About a quarter of a way through writer Robert Venditti and artist Mike Huddleston's political thriller OGN The Homeland Directive, I started thinking about the classics in the same vein like Three Days of the Condor or The Marathon Man. The premise of this Top Shelf release, involving CDC researcher Laura Regan finding herself inexplicably targeted and on the run from shadowy elements of the government in the midst of a sudden, mysterious outbreak, moves along quickly while having, at its core, one of those sort of John Birch-bred conspiracies that seemed to be the stock of, I don't know, 70's pulp espionage novels maybe? After they stopped being all suave and debonair and moved more into the Mack Bolan territory--and then the plot is about how the government just has to do this one monstrous thing and everything will be alright? Maybe that's not accurate, but it feels like as good a point of comparison as any.
Venditti's story leaps past skepticism and right into full-bore cynicism when it comes to our political institutions: on the one side, there's the hawkish, grizzled Homeland Security Chief, a veteran from the last, presumably right-wing administration, and on the other, the politically calculating but spleen-less new, faceless guy in the Oval Office who talks a good game about national security, but isn't willing to entertain the methods of his predecessor. So the book then becomes about "National Security," complete with the scare quotes back there and a pretty dim view of those men and women tasked with protecting us. The Homeland Chief is one of those old guys who speaks with certitude: if only the idiot suits would just listen to him, he could save us all, dammit--why can't you see that it takes a couple of dead baby chickens to make a secure omelet or something along those lines.
You actually start to wonder how a guy like that could enlist the confidence of the surely few dozen people it would take to pull off what he's attempting to accomplish here. What kind of weird arrogance is Venditti suggesting motivates old white guys willing to pull the trigger on thousands of his fellow citizens? Then I realized something that answered both he he'd be able to staff up for his little plot and why he thought he was right and it kind of led to another question: why did the large chunks of the country wet their pants at the prospect of the Guantanamo "detainees" (can we just call them P.O.W.'s now?) being imprisoned an American soil? Mostly under-educated foot soldiers, super criminals these guys are not. Or how about the fact that we have a term like "enhanced interrogation" in our lexicon, such a slim-sounding, almost innocuous concept, which dances right up to being torture, except it kind of isn't so some would reason. And it all comes back to fear and how given a long enough timeline, you can twist any kind of rationale for whatever you want to do out that one emotion.
And I'm not even saying that The Homeland Directive--a solid thriller that kind of becomes more Enemy of the State (but thankfully not Eagle Eye) by its conclusion--burrows that deeply into the ideas of fear and security. Obviously, I didn't really in that paragraph up there, but this kind of fiction elicits this kind of reaction from me and I kind of get angry and then drained trying to make sense of the last decade of decisions that has made paranoia--not vigilance the status quo. It makes the idea of a "homeland," such an ominous term that conjures up images of concrete borders keeping out the undesirables, another one of those watchwords that has less to do with security and more to do wining instead of being morally correct.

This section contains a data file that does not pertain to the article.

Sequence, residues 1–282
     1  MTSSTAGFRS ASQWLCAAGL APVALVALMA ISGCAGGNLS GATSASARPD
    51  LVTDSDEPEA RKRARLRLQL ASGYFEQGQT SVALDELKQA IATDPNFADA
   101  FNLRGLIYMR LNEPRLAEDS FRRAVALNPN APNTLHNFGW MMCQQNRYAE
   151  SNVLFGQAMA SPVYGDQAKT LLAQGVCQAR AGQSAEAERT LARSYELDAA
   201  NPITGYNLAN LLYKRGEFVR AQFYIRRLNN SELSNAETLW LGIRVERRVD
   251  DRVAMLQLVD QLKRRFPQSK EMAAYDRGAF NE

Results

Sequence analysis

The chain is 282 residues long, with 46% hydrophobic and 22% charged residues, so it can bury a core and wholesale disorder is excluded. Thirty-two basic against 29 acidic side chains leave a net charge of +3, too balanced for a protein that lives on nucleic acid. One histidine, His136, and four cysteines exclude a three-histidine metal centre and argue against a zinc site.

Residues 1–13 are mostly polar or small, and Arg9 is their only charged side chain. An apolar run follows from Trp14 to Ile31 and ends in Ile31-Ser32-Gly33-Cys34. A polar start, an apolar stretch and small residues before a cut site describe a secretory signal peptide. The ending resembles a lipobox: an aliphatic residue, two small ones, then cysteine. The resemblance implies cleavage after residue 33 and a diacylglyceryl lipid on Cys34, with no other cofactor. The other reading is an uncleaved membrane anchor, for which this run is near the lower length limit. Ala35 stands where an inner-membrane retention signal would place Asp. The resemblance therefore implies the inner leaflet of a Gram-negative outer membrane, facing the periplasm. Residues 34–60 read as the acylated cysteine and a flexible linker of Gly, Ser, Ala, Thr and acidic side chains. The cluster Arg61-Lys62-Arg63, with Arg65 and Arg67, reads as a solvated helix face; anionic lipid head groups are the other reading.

And maybe the funniest part of it is that I could see both nuts on the Left and the Right suspecting the most recent administrations of the crimes the villains in the Homeland Directive get up to. Because if there's one thing that no one has a monopoly on anymore, it's being completely convinced that the government is out to get you. One of the things I respect the most about the book is that it's not an entirely monolithic threat--it's simply unchecked authority and the proverbial loose cannon doing his thing and I can't decide if the resolution of the book is entirely honest with how cleanly things would all shake out or if, as presented here, a real conspiracy did break out, the bulk of Americans would just roll their eyes at the small percentage convinced that the government wants to enforce some kind of crypto-fascist, orgiastic, Nazi, Muslim, Socialist agenda upon the nation who might just accidentally be right one time. Venditti actually has a character make a joke about it near the conclusion and I almost feel like that's where the real drama of the story comes in--when one of the lunatics is right for once.
So, while I don't think The Homeland Directive was necessarily a home run--a solid double thanks to the sometimes impressionistic and appropriately frantic nature of Huddleston's art--I think there's enough there to make the right kind of reader angry if they're in the mood for it.
The Homeland Directive is on shelves now from Top Shelf.